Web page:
Wednesday, June 22, 2011

Resolutions Could Resolve Libya War Powers Face-Off, For Now ...

Congress' months-long feud with the White House on Libya is likely to come to a head later this week.

Votes coming up in the House and possibly Senate ($$) will weigh in, finally, on whether or not to authorize the use of force in Libya. But they are unlikely to do much to settle the age-old dispute about how much Capitol Hill should be able to influence decisions to go to war (or "hostilities" or "kinetic military action" or whatever the kids are calling it these days).

Last week, the White House tried to argue that military operations in Libya were not "hostilities" of the sort that would trigger the 1973 War Powers Act, a line of reasoning House Speaker John Boehner's staff called "creative," at best. Boehner introduced two measures Tuesday - one that would authorize the mission and one that would in effect de-authorize it, calling for the withdrawal of U.S. forces from Libya.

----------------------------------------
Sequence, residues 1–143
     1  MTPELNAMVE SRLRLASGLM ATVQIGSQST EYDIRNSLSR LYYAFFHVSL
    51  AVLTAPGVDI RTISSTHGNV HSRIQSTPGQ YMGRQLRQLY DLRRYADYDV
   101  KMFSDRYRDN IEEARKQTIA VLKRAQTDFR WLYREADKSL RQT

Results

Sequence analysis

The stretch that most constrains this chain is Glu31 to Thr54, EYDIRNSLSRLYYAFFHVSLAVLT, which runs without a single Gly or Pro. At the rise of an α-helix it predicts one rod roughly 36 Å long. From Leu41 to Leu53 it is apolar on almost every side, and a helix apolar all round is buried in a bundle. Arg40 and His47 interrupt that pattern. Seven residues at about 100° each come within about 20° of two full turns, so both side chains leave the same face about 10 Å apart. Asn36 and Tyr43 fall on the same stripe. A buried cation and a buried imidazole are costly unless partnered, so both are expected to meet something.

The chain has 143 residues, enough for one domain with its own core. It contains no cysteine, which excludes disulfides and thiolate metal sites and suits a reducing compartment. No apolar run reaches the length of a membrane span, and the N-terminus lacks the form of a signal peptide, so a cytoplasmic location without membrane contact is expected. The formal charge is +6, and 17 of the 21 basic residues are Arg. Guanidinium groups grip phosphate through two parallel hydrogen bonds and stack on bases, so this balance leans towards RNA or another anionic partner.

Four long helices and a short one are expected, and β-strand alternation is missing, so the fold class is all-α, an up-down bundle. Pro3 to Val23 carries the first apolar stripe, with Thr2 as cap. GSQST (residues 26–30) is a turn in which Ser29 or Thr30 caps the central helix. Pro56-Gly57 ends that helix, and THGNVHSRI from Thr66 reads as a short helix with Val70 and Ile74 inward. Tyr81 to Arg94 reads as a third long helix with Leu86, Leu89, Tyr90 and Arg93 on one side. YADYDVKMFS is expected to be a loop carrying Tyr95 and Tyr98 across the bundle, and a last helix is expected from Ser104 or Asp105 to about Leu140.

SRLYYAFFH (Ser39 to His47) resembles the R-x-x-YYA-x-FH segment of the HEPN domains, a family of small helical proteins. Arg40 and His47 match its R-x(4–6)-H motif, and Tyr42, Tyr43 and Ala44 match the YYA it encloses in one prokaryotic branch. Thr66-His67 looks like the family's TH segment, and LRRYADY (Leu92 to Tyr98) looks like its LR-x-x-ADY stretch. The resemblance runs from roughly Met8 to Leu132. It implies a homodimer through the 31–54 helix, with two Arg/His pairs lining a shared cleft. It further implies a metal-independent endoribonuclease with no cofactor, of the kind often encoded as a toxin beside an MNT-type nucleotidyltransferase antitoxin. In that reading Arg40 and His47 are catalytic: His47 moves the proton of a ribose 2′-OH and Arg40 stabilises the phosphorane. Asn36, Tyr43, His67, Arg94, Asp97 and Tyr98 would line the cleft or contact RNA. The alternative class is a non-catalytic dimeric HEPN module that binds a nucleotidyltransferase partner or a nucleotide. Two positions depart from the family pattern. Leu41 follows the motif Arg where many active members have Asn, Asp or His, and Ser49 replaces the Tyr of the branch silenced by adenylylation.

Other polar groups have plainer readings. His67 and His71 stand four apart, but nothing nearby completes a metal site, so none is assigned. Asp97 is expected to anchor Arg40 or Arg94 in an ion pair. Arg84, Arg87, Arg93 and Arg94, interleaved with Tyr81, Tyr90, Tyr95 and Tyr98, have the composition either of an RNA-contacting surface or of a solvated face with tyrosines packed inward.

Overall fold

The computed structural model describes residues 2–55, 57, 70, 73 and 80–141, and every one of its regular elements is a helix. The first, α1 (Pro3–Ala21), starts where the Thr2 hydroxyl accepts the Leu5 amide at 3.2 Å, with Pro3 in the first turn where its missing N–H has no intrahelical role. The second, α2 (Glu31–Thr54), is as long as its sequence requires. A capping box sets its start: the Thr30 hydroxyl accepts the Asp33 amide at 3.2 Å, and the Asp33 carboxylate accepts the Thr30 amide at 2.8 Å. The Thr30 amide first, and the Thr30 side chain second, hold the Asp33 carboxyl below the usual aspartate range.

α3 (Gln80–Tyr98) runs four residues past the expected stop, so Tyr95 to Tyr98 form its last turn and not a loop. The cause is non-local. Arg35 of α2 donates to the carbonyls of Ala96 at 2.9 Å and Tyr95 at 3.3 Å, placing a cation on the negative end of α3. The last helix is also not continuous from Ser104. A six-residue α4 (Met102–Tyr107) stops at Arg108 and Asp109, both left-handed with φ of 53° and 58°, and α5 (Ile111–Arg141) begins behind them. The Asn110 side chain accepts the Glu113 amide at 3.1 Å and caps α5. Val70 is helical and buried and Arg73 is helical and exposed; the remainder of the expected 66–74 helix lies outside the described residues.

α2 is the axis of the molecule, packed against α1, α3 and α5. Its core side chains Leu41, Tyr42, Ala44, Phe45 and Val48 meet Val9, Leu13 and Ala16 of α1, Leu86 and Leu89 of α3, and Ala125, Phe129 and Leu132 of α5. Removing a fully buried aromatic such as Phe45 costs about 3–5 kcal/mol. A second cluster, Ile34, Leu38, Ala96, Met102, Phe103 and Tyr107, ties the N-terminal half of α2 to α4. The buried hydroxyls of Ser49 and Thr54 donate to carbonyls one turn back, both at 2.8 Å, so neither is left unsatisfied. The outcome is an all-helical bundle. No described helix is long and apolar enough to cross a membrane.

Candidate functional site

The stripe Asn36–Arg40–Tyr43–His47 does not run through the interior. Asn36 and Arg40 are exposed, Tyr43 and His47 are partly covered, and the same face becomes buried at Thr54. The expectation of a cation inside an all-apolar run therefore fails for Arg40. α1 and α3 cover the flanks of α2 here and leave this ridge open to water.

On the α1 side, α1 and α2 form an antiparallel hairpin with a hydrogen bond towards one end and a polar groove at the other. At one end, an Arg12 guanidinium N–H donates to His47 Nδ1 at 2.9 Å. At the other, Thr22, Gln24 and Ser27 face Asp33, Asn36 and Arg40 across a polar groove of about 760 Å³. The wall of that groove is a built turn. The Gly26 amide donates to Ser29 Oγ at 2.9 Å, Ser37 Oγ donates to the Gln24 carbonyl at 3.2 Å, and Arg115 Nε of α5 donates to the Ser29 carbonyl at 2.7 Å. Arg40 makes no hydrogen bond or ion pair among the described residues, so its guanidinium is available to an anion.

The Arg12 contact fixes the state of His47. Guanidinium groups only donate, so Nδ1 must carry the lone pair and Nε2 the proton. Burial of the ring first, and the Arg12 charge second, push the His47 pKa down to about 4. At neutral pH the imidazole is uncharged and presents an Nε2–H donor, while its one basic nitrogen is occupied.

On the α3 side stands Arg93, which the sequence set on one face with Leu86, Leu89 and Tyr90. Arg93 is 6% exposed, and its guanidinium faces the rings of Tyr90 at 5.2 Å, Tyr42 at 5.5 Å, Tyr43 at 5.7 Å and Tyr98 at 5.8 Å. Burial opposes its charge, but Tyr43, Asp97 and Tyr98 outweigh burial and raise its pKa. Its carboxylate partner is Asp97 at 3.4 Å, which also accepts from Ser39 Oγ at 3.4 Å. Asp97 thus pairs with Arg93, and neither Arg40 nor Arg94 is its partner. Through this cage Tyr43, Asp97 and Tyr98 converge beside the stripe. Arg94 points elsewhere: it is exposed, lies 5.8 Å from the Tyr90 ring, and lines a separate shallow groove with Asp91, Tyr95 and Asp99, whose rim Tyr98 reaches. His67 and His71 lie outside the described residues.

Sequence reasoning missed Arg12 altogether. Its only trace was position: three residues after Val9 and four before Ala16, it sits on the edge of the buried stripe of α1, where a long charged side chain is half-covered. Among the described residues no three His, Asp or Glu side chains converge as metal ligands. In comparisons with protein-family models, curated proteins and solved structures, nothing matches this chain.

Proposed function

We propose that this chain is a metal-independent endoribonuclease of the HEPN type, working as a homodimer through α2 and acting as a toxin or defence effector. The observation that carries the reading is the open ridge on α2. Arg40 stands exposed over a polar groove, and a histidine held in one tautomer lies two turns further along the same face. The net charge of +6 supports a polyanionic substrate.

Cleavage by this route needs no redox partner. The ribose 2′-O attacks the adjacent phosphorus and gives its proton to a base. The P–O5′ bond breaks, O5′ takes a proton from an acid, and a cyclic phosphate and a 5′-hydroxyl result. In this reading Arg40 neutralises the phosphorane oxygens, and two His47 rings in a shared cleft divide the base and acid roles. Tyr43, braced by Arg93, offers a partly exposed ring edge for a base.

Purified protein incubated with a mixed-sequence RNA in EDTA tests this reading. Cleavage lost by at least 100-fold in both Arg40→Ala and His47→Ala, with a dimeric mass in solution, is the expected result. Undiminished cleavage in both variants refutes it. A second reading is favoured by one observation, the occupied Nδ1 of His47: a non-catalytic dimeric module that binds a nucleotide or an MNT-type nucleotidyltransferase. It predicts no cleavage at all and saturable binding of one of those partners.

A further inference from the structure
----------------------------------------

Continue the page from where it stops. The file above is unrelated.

Leading Senators, however, are pushing for a vote authorizing limited military engagement, and they have an impressive bipartisan roster of support for their effort. So it seems the worst Congress will do is send a mixed message on Libya -- certainly not helpful for Obama politically or for international PR on the coalition efforts in Libya. But it's also not the sort of thing that's likely to force White House action, let alone any resolution over the battle between the branches on war powers.

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